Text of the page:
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Google Voice Sneaks Onto iPhones


Still no official iPhone app, but functions are available through the web browser.

Last July marked the beginning of the kerfuffle between Apple (AAPL) and Google (GOOG). Drunk with its own iTunes App Store tyranny, Apple began removing all Google Voice-enabled apps from the store -- the cited reason being "duplication of existing iPhone functions and features." Following that and the refusal to even give the Google Latitude app a review, Google CEO Eric Schmidt promptly left his position on Apple's board of directors the following week. (See Google CEO No Longer an Apple Insider.)

Google Voice members were outraged at both Apple and its purported cohort AT&T (T) for denying their customers such a useful app. Faithful users began searching for a workaround to access Google Voice's features, but short of jailbreaking the iPhone, there wasn't much in the way of functionality... until now.

Google has effectively circumvented both Apple and its fickle App Store approval process and allowed access to Google Voice's features through a dedicated website for unsupported mobile devices like the iPhone and Palm Pre (PALM). Android and BlackBerry (RIMM) users can continue to enjoy their native apps.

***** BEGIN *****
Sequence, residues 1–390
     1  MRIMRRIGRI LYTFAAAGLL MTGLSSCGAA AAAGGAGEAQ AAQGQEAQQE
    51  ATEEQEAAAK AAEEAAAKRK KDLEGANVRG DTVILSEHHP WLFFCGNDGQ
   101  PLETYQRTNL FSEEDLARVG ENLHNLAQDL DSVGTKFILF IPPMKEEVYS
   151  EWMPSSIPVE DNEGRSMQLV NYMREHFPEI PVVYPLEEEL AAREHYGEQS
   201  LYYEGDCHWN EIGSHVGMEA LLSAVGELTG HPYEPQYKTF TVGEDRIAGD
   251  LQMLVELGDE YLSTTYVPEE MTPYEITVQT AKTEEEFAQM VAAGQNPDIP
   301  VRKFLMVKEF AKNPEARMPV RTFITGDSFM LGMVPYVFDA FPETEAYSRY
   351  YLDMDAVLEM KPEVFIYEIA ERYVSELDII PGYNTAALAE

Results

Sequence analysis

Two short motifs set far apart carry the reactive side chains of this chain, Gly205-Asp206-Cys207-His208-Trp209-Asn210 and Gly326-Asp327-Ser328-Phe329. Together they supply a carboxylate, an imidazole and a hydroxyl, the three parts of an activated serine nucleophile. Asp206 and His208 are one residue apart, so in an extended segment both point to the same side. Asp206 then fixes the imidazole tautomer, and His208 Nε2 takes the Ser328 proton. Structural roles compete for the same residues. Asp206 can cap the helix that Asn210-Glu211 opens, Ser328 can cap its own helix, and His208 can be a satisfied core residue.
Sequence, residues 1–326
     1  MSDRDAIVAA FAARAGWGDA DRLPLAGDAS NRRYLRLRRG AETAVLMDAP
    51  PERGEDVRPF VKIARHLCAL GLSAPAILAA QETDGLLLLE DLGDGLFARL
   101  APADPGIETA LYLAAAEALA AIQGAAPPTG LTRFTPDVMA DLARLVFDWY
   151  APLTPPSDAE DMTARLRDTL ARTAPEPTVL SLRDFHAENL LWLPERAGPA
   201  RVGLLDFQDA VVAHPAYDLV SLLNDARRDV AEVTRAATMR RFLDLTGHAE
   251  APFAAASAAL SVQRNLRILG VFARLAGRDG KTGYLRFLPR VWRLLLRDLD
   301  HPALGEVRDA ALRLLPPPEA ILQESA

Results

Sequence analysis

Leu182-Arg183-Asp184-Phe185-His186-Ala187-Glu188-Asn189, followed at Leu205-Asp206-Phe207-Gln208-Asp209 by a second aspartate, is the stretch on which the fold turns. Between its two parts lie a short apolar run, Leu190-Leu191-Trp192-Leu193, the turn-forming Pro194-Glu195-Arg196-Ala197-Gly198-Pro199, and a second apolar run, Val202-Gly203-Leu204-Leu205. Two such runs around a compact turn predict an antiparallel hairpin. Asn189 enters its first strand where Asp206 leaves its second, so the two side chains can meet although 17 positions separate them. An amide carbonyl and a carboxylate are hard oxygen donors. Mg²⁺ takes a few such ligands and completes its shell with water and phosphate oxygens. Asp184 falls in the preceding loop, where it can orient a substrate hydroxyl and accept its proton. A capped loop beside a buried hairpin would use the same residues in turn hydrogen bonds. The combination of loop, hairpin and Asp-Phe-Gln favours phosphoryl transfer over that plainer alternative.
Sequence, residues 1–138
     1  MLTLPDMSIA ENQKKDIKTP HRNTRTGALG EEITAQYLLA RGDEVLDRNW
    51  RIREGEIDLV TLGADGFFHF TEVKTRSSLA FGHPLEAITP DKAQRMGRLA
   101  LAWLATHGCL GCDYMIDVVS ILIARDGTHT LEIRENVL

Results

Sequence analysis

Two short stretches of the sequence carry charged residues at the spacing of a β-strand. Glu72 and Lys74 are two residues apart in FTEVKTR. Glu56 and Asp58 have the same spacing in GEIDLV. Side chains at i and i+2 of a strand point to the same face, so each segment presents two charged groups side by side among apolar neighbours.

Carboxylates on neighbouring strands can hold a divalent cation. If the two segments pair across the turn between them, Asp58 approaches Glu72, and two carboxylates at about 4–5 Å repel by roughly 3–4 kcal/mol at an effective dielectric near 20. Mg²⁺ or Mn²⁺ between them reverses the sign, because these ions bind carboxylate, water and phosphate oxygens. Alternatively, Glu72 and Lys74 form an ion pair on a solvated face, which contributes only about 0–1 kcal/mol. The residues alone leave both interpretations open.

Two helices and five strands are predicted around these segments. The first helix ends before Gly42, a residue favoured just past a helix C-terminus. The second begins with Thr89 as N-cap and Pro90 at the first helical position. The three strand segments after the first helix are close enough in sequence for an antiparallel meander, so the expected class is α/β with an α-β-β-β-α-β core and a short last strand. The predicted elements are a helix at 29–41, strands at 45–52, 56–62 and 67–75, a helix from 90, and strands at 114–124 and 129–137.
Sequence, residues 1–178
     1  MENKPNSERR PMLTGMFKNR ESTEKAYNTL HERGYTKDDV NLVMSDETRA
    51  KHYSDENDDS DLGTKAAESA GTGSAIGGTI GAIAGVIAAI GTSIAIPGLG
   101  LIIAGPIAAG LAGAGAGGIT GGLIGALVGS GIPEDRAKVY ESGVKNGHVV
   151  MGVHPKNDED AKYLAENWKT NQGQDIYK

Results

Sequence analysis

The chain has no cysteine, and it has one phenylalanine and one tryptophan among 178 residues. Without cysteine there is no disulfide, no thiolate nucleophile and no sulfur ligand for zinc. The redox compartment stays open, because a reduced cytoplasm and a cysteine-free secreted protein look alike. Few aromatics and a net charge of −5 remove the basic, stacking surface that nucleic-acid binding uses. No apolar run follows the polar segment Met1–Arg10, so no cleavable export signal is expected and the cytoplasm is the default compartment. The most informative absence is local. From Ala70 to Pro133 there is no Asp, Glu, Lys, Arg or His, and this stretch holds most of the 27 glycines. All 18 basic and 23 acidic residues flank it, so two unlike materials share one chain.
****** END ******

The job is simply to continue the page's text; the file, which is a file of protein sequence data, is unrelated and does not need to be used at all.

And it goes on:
The website is modeled like a native app for unsupported smartphones, mimicking functions like logging missed calls and transcribing voicemails -- though the transcription process is still in its early stages and makes a mistake here and there. When converted into a web app, Google Voice takes advantage of HTML5 which replicates the app version almost exactly. Data caching and voice tags are supported along with notifications sent via SMS. Text messaging within the app is free, which will come in quite handy to iPhone users wishing to stick it to AT&T. The site also displays the Google Voice number rather than your mobile number in the recipient's caller ID.

One missing feature in the web app is the ability to access the iPhone contact list, but it's been replaced with a separate Google Voice contact list stored in your Google account -- making iPhone contact access superfluous.

Not only was developing a web app version of Google Voice the perfect way for the company to get back at Apple, it also demonstrates the limitless possibilities for developers to circumvent the App Store. HTML5 provides designers and visitors a seamless transition from phone to cloud. Remote updates, only one version, no size constraints. Along with YouTube, Google has given Adobe Flash (ADBE) a one-two punch with HTML5. (See Google, IAC Begin Adobe Flash's Death March.)

Rejected by Apple and frustrated with Flash? We have a site for that.

Last year, Google's VP of engineering Vic Gundotra, said "Google Voice will come to the iPhone soon -- one way or the other." The lesson here is: Never challenge a Google exec at his word.
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